Discovering innovations that matter since 2002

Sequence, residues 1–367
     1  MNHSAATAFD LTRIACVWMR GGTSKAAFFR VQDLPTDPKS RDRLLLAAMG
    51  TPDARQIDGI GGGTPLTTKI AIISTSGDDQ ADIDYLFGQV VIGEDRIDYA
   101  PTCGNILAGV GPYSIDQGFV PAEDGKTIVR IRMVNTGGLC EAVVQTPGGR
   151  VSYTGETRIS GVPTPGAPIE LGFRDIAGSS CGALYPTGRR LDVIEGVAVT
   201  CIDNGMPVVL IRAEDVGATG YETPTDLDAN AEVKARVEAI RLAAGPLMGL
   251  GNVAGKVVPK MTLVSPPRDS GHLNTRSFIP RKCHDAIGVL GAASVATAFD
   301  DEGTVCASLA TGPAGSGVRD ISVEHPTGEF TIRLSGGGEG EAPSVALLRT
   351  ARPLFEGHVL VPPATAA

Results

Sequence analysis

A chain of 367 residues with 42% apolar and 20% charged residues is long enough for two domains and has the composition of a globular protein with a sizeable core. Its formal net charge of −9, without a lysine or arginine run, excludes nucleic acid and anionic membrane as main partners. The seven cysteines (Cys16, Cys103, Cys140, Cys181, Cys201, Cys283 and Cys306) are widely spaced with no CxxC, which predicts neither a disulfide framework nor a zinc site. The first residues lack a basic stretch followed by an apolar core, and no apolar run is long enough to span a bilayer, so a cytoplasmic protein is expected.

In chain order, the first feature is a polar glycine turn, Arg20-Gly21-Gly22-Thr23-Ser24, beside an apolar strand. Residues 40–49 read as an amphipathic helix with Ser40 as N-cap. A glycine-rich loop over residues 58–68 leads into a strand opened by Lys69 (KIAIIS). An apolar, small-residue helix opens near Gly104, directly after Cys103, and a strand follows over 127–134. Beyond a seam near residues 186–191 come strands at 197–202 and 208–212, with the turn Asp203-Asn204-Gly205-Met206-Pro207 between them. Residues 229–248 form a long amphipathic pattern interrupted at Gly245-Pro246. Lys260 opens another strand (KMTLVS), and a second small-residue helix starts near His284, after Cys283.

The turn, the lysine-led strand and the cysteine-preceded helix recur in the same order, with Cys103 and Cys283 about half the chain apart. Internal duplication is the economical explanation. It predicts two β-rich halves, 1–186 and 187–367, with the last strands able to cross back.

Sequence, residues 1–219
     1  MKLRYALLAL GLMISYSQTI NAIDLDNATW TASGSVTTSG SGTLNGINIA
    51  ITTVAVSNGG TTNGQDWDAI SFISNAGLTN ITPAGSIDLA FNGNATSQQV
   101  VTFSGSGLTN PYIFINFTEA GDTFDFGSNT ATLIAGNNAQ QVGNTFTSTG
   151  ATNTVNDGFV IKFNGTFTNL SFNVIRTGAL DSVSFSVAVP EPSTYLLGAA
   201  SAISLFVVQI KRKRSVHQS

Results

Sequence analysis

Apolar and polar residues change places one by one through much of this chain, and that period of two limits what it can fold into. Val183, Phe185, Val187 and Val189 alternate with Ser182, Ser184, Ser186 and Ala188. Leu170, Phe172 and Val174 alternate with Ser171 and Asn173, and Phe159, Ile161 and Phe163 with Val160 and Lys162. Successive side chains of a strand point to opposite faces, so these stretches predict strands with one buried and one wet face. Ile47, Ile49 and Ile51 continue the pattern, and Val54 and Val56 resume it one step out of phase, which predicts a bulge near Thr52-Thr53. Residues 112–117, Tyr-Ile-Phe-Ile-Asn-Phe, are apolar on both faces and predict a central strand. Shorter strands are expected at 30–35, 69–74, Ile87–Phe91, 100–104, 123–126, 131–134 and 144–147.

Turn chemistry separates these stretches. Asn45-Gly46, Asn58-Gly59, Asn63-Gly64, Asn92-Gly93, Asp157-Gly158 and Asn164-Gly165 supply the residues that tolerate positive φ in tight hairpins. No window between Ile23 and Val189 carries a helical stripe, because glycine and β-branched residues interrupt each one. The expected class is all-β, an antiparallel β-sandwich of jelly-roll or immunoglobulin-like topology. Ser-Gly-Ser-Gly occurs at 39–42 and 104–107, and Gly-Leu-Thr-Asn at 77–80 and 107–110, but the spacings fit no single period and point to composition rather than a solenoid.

There’s no doubt having a baby is a joyful experience, but most moms would likely agree that it would be a whole lot more joyful if one didn’t have to start off so sore and tired. Aiming to transform the hospital stay into one of relaxation and rejuvenation, Go Home Gorgeous hopes to better equip new mothers for the sleepless times ahead. Minneapolis/St. Paul-based Go Home Gorgeous offers a variety of in-room spa services for new mothers designed to help them go home from the hospital feeling better than they did when they arrived. Available services include a “foot thanking” treatment for USD 45; scalp, neck and shoulder massage for USD 60; traditional body massage for USD 85; and a postnatal body therapy package for USD 139. Gentle massage, aromatherapy and soothing music are used to transform the hospital room into what the company calls a “Spa-Spital” room, where eucalyptus-infused steam towels, for example, decrease water retention, deepen breathing and increase circulation. After mom and baby are home, meanwhile, the company’s in-home “Sleep Relief ” offerings include night nanny, baby nurse and postpartum doula services—night nannies even arrive fully self-sufficient with their own cot, pillow, blanket, reading light and water bottle. Hourly rates vary from USD 20 to USD 35 per hour, with a USD 45 setup fee. Sleep massage packages, pregnancy massages and errand-running services are also available. Go Home Gorgeous donates 3 percent of its profits to organizations that help women in need. Currently serving just Minnesota, Go Home Gorgeous plans to bring its sanity-saving services to the moms of Chicago, Los Angeles, Phoenix and Boston later this year. One to get in on early…? (Related: For new moms, by a new mompreneurMembers’ clubs for momsConcierge service for busy moms.) Spotted by: Susannah Haynie We’ve already written about several retail spots around the globe that offer shelf space to minipreneurs, and recently we learned of a like-minded effort that gives budding entrepreneurs a short-term way to try out their concepts in a traditional retail setting. Last fall Urban Retail’s Oakland Mall in Troy, Mich., began offering small startups and minipreneurs special leasing rates that make it easier for them to test the waters among shoppers at the mall without entering into a long-term contract. Specifically, 12 kiosks have been placed throughout the mall and can be leased for as little as USD 300 for a two-day weekend special. The flexible leasing terms are part of an ongoing program that aims to help entrepreneurs with seasonal offerings or who want to test out a new product or trend, according to Deborah Beattie, the mall’s specialty leasing representative. “Our program will continue to offer the flexible terms to attract everyone from the local ‘Mom & Pop’ operations just starting out in business, to the national tenants who want to test-market a product or capture seasonal sales,” she explains. Five of the mall’s 72-foot kiosks—which include display cases, counters and shelves—had been leased by early February, according to a report in the Detroit News. The Oakland Mall clearly stands to benefit from such an effort by attracting new businesses and shoppers even as the economy struggles, but it’s also a sort of silver lining for startups and minipreneurs. As the big boys struggle, conditions are beginning to favour the little guys—in some ways, it’s never been a better time to be an entrepreneur! 😉 (Related: Retail space helps brands collaborate.) Spotted by: Judy McRae No medicine can do its job if it’s not taken on the right schedule, yet only about half of people with chronic diseases adhere faithfully to their dosing regimen, according to the World Health Organization. Aimed at improving that statistic, GlowCaps are a line of electronic pill caps that use multiple means to ensure patients take their medicine when they should. GlowCaps, which are from Cambridge, Mass.-based Vitality, fit on standard 20 dram medication vials and feature a small computer that illuminates the pill cap and plays a melody at medication time. To set up the basic GlowCap Solo, now available through Amazon for USD 29.95, users simply insert the included watch batteries at their daily dose time (the GlowCap Solo is designed just for once-a-day medications). Then, every day thereafter at that time, the GlowCap flashes a visual reminder to attract the user’s attention. If the bottle is not opened within an hour, the device periodically plays a short melody for another hour after that. What’s even more interesting, however, is the next version of the line—still forthcoming—dubbed GlowCaps Connect. Designed specifically for managing chronic diseases like high blood pressure, diabetes and depression, where daily medications are critical, GlowCaps Connect goes beyond just using light and sound to include internet connectivity as well for a range of new reminder mechanisms. A reminder schedule can be set up for more than one dose or medication per day, and when patients forget to take one—after the reminder melody has been played—the caps can be set to trigger a phone call to remind them. GlowCaps Connect can also be programmed to send weekly updates to a friend, family member or caregiver, and each month the service sends a report to the patient’s doctor, thereby increasing accountability and rewarding good performance with coupons and incentives. Finally, GlowCaps Connect will also coordinate with the patient’s pharmacy for automatic prescription refills. No word yet on when GlowCaps Connect will be released. Not coincidentally, Vitality is led by David Rose, who was formerly founder and CEO at Ambient Devices, the maker of internet-embedded products we mentioned in a story last year about home energy monitors. It’s all about bridging the gap between the physical and digital worlds—which just so happens to be the topic of our sister site’s OFF=ON briefing. Read up, plug in, and start forging some connections! (Related: Mir:ror gives physical objects digital meaningHome security with an energy-monitoring twist.) Spotted by: Jochem Donkers As if phones didn’t already do enough, one of the latest mobile apps transforms iPhones and iPod Touches into portable charge card terminals. ProcessAway plugs into Authorize.net’s payment processing platform, allowing entrepreneurs to accept credit card payments anywhere they can access the internet. After downloading the app and (separately) setting up a merchant account with Authorize.net, clients can use ProcessAway like a traditional charge card terminal: enter the amount, input the card number, expiry date and verification code, and process. There’s even a tip option for service businesses. Customers receive an email receipt for each transaction, and merchants can view transactions and process refunds on the fly. Aware that consumers might be weary of having their credit card details punched into a phone, ProcessAway stresses that’s a secure application: information is never stored in the phone and the program won’t connect to anything other than the terminal. If it can gain trust and acceptance, ProcessAway could be particularly useful for those who need to process and authorise payments on-the-go, like on-site consultants or handymen. It’s also useful at venues that don’t have fixed terminals: antique shows, market stalls and music merchandise stands. ProcessAway is available from Apple’s App Store for USD 19.99, and Authorize.net collects its usual transaction fees. ProcessAway isn’t the only one playing this field: Innerfence released its slightly more basic Credit Card Terminal app late last year. Although both programs are currently only available in the US, they could be a valuable tool for minipreneurs in other parts of the world. Spotted by: Susanna Haynie Regular Springwise readers may remember Swiss Netgranny and Danish Mormor.nu, both of which sell knit goods handmade by real-life grandmothers. Now a similar contender has emerged in France that throws some design-your-own flexibility into the mix. Golden Hook is a company that lets customers design their own hat and then choose the grandmother they’d like to knit it. Users begin by selecting the shape of hat they’d like—classic, long or Peruvian, with pompom or without. They can then begin either with a blank hat or one of the site’s existing designs and customize it, knit row by row, by clicking on a region of the hat and then clicking on the colour they’d like that stripe to be. On Peruvian styles they can even choose the hue of the strings by the ears, and for those with simple tastes a “Colour Up” option is available to make the entire hat a single shade. Customers then select their hat size and proceed on to view Golden Hook’s gallery of grandmas, which gives photos and short bios (“married since kindergarten, a former dairywoman, she’s an absolute fan of the Wheel of Fortune,” for example) for each knitter in the company’s employ. After choosing the one they’d like to knit their hat, customers can send her a message and can even request that she sign her name on the hat’s label. Pricing begins at EUR 42. In this era of anonymous, distant mass production, there’s nothing like knowing (and being able to share) the product life story of a locally handmade good (one that’s (still) made here, as our sister site would say) to make a consumer value it more—and be willing to shell out more to get it. Plenty more opportunities where this one came from, too. Get those knitting needles started! 😉 (Related: Full provenance sweaters.) Spotted by: Marc Raynaud Providing a new solution to an old problem, ReadyPing lets restaurants notify guests by text message when their table is ready. The system aims to improve on restaurant pagers, which require a substantial upfront investment plus maintenance costs, and have a limited range. Restaurants don’t need to purchase new hardware to use ReadyPing; all that’s required is an internet connection and a computer. ReadyPing charges a flat monthly fee of USD 35, which includes sending an unlimited number of ‘pings’. To use the system, hosts enter a party’s name, number of guests, and their mobile number. When their table is available, the host clicks a button to send a customizable text message. Launched in January 2009, ReadyPing is currently only available in the United States, but it definitely has potential in other time-strapped parts of the world. Of course, there’s no reason why similar systems couldn’t be used by other types of businesses. One to brainstorm on? (Related: Subway launches food ordering via SMS.) Spotted by: Judy McRae As a delicacy with relative affordability and universal appeal, ice cream is one of those products that serves as a barometer of the times. We’ve covered ice cream innovations at the high end—such as the Van Leeuwen Artisan Ice Cream Company and its locally sourced, hormone-free ice creams in flavours like ginger, giandujia and red currant—as well as convenience-focused novelties like the MooBella vending machine. Next up? Simplicity, if the Häagen-Dazs Five line is any indication. Häagen-Dazs Five is a new, all-natural ice cream crafted with only five ingredients: skim milk, cream, sugar, egg yolks and natural flavouring. Available in mint, ginger, coffee, vanilla bean, passion fruit, brown sugar and milk chocolate, the Five line also includes less fat than Häagen-Dazs’s other ice creams, the company says. It’s now available in stores, and an online flavour finder helps identify availability by ZIP code. Pricing is roughly USD 7 per pint. Pure, natural, simple—in today’s ailing economic climate, such adjectives hold a nostalgic appeal. Everyday consumers may not be able to afford the big luxuries, but at least there’s still good, old-fashioned ice cream! 😉 Spotted by: Andrea Jones Encouraging consumers to try new wines is a goal that has united vintners around the globe for many years, as evidenced by the trial-sized tubes, wine-tasting games, and technology-enhanced wine bars and wine tastings we’ve covered. Working along similarly cooperative lines, a bricks-and-mortar tasting room recently opened in San Francisco that promotes the wines of eight boutique producers through a series of dedicated tasting stations. Launched last fall, the Press Club is a tasting cellar located at the foot of the Four Seasons Hotel in the heart of San Francisco. Featuring both a common area and eight winery-exclusive tasting bars, the Press Club incorporates the best efforts of eight different Northern California vineyards, each of which is represented onsite by its own employees: the Chateau Montelena Winery, the Fritz Winery, Hanna Winery & Vineyards, Landmark Vineyards, Miner Family Vineyards, Mount Eden Vineyards, Pahlmeyer and Saintsbury. Patrons at the Press Club can taste flights offered by any of the individual wineries, or they can mix and match among them. A menu of accompanying bite-sized treats, meanwhile, draws from a selection of savory delights and sweet surprises inspired by the fresh fruits, produce and dairy of Napa Valley and Sonoma County. The Press Club’s social experience caters to individual wine enthusiasts, friendly gatherings and private group events. Wine is also available by the bottle for retail sale. Much like the online efforts of Naked Wines, the Press Club’s focus on local producers creates a unique bouquet that blends not just excellent wines and tryvertising but also a heady dose of (still) made here appeal. And while its model is particularly well-suited to the urban areas close to wine country, there’s nothing to say such an establishment couldn’t do stunningly well in, say, Chicago or London, as long as the right partnerships were in place. One to emulate—with vintners’ blessings—for wine lovers near you! (Related: Urban winery & wine bar in NYC.) Although grabbing the set list from a favourite band’s gig is like nabbing a trophy, not everyone can get their hands on that sweaty and smudged piece of paper. Which is why Setlist.fm was launched, a free wiki-site that allows users to upload and browse concert set lists. The process is easy: users sign up, select an artist from the site’s extensive database (or add in someone up-and-coming), input a venue, and then list the songs the artist played during that particular show. They’re encouraged to add whatever they remember, relying on ‘crowd memory’ to fix errors and add missing songs. Once saved, a list is added to an archive of an artist’s performances that also includes ‘most played’ statistics and links to live videos. Each user is given a personal page of the set lists they added or edited, as well as their comments and concert attendance statistics. Helping promote the site, a Setlist.fm widget is popular on music websites, and is also available for Facebook pages. Its pseudo-handwritten ink-on-paper format combines a sense of authenticity with the convenience of a digital database. Launched in September 2008, Setlist.fm’s current database consists mainly of recent concerts, although there’s nothing to stop enthusiasts from listing shows dating back to Bruce Springsteen’s glory days. Developed in tiny Liechtenstein (first time we’ve covered a Liechtenstein business), ad-supported Setlist.fm has potential, thanks to its niche focus, savvy execution and reliance on user participation. (Related: Video dictionary with a wiki touch.) Spotted by: Lea There are few products more eco-iconic than those that are stylishly but obviously constructed from other used goods. We’ve already covered a few examples—bags made from old airline seat covers, town banners or discarded wrappers, for example—but it wasn’t until recently that we came across the idea of turning previously worn shirts into bibs. Sure enough, Margo Roth, a Michigan-based entrepreneur who sells nuts and homemade jams through her company Jemfruit, has begun offering what she calls Dirt Shirts—an alternative to a tied napkin or traditional adult-sized bib that offers a more stylish and dignified way to keep messy eaters’ clothes clean. Dirt Shirts are essentially regular collared, button-down shirts with the sleeves and most of the back removed. Adults in need of a little extra clothing protection while they eat simply slip the neck opening over their head, and the front of the shirt covers their own garments; most are lined, unless the fabric is heavy enough to do the job alone. Velcro squares sewn to the bottom even allow a “tray” to be formed to aid in catching crumbs. Dirt Shirts are available in a variety of styles, patterns and lengths for about USD 19. A video on YouTube demonstrates the Dirt Shirt in action. There is no shortage of used clothing out there, making the Dirt Shirt an excellent candidate for emulation by minipreneurs with a crafty bent. A bunch of shirts, a needle and thread, and you’re pretty much good to go! 😉